2
$\begingroup$

I am working on a multilevel analysis aiming to investigate factors that impact student GPA. The data comes from 16 different schools. To include school effects, we are using a mixed effect model (with random intercepts). However, I would like to understand the effect of school tuition on student GPA and I am confused if this should be included as a fixed effect or random effect, since it is information about the higher level cluster (school).

My lme4 models I have constructed so far are either:

gpa ~ student_study_hours + student_income + 
       student_physical_activity + (1|school / school_tuition)

OR

gpa ~ student_study_hours + student_income + 
       student_physical_activity * school_tuition (1|school)
$\endgroup$
2
  • $\begingroup$ School tuition should be a fixed effect. $\endgroup$
    – Ben Bolker
    May 31, 2023 at 12:39
  • $\begingroup$ Thank you. I was worried that may be a redundacy or colinearity effect since every student from the same school will have the same tuition $\endgroup$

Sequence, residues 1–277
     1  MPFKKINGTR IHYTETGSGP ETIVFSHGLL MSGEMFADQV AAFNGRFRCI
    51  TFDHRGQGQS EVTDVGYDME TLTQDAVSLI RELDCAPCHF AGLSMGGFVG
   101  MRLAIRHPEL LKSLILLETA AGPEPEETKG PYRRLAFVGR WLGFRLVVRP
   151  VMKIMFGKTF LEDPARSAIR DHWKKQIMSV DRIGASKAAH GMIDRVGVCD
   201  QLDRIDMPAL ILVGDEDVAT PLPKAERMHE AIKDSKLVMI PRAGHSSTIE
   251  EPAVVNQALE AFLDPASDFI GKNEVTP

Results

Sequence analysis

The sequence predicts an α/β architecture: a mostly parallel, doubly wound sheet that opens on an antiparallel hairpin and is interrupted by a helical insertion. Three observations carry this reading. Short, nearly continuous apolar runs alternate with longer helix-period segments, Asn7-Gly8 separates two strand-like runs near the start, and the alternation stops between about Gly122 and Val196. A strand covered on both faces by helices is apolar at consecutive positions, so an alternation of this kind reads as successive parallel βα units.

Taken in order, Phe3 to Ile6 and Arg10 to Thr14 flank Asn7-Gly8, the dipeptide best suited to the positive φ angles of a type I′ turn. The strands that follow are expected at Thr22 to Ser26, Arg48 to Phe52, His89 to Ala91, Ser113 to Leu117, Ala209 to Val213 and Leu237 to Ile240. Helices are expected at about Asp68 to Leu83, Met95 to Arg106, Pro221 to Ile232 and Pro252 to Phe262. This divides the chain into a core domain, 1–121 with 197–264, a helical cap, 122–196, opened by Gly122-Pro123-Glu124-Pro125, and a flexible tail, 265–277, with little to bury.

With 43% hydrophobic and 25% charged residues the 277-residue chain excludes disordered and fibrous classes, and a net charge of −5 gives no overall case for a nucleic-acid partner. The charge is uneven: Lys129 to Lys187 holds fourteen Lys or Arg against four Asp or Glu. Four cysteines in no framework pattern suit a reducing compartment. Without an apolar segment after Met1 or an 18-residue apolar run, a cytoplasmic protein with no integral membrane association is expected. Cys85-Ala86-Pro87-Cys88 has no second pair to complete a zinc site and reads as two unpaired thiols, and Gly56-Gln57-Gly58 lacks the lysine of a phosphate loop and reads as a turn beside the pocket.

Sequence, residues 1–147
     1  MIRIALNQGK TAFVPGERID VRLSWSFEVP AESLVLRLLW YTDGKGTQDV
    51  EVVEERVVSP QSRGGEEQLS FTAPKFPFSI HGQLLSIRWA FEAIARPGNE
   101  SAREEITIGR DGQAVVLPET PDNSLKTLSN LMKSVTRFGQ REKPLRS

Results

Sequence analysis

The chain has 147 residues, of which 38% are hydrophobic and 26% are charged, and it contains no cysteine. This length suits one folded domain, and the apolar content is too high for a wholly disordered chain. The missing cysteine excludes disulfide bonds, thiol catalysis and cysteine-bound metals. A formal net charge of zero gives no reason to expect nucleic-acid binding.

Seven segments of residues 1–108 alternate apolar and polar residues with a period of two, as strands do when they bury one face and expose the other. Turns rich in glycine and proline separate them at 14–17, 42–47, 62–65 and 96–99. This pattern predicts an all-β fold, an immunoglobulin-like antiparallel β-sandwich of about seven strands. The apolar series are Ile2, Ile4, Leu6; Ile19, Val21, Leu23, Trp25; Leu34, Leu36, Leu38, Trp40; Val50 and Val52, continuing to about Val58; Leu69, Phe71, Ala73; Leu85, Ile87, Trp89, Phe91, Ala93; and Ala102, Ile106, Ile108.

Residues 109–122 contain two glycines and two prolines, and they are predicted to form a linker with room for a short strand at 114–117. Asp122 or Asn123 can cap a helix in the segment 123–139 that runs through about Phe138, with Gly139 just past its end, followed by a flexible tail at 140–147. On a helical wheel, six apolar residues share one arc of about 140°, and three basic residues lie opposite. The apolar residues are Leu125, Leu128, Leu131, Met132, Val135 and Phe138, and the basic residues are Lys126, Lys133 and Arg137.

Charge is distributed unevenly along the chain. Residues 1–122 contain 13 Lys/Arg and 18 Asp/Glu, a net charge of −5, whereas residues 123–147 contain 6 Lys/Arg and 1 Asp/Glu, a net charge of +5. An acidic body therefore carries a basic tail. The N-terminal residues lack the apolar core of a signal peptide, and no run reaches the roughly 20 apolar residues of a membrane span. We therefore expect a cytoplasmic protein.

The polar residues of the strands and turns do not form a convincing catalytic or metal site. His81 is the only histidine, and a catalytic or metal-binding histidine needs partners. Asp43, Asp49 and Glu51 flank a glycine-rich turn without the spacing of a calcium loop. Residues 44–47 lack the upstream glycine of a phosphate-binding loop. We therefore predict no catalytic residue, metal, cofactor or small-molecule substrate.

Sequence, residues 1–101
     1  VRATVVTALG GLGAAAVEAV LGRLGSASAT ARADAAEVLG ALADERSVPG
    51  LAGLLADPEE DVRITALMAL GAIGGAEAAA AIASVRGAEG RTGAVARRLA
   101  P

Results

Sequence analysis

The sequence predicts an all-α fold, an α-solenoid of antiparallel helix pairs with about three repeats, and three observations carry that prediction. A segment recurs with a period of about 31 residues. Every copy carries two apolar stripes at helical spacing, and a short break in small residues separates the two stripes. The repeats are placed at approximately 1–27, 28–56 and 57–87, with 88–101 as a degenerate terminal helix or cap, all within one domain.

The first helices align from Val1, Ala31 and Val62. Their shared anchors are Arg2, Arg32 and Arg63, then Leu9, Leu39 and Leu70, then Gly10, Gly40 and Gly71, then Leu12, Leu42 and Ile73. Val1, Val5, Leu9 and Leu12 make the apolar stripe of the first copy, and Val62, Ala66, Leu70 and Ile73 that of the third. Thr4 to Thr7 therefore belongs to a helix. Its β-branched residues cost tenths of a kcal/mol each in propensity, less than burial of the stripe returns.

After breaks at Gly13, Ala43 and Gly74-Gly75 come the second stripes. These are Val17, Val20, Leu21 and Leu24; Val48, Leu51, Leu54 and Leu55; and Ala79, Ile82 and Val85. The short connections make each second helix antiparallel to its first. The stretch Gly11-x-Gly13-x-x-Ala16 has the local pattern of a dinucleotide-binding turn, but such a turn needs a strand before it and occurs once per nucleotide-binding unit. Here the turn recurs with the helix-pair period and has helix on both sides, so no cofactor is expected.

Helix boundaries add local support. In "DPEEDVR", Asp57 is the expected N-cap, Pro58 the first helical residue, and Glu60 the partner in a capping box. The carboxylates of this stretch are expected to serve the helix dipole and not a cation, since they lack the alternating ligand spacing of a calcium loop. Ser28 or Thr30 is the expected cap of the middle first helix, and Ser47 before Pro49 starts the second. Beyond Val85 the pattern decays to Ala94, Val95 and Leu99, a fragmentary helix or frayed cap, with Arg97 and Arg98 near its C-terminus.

– Rcs1917
    May 31, 2023 at 12:50

1 Answer 1

2
$\begingroup$

The second option (... + (1|school)) is probably correct. In general the variables that you use as a grouping variable should be categorical and exchangeable (i.e., you should be able to switch labels without changing the meaning). You could conceivably treat tuition as categorical ("low", "medium", "high"), but even then it probably wouldn't be sensibly thought of as exchangeable.

In general modern mixed-model frameworks don't 'care' at what level the fixed effects vary. It does determine whether you can model their variation across units — for example, you could conceivably model the variation of the effect of student family income across schools, but you can't model the variation of the effect of tuition across schools because it doesn't vary within schools.

$\endgroup$

Your Answer

By clicking “Post Your Answer”, you agree to our terms of service and acknowledge you have read our privacy policy.

Not the answer you're looking for? Browse other questions tagged or ask your own question.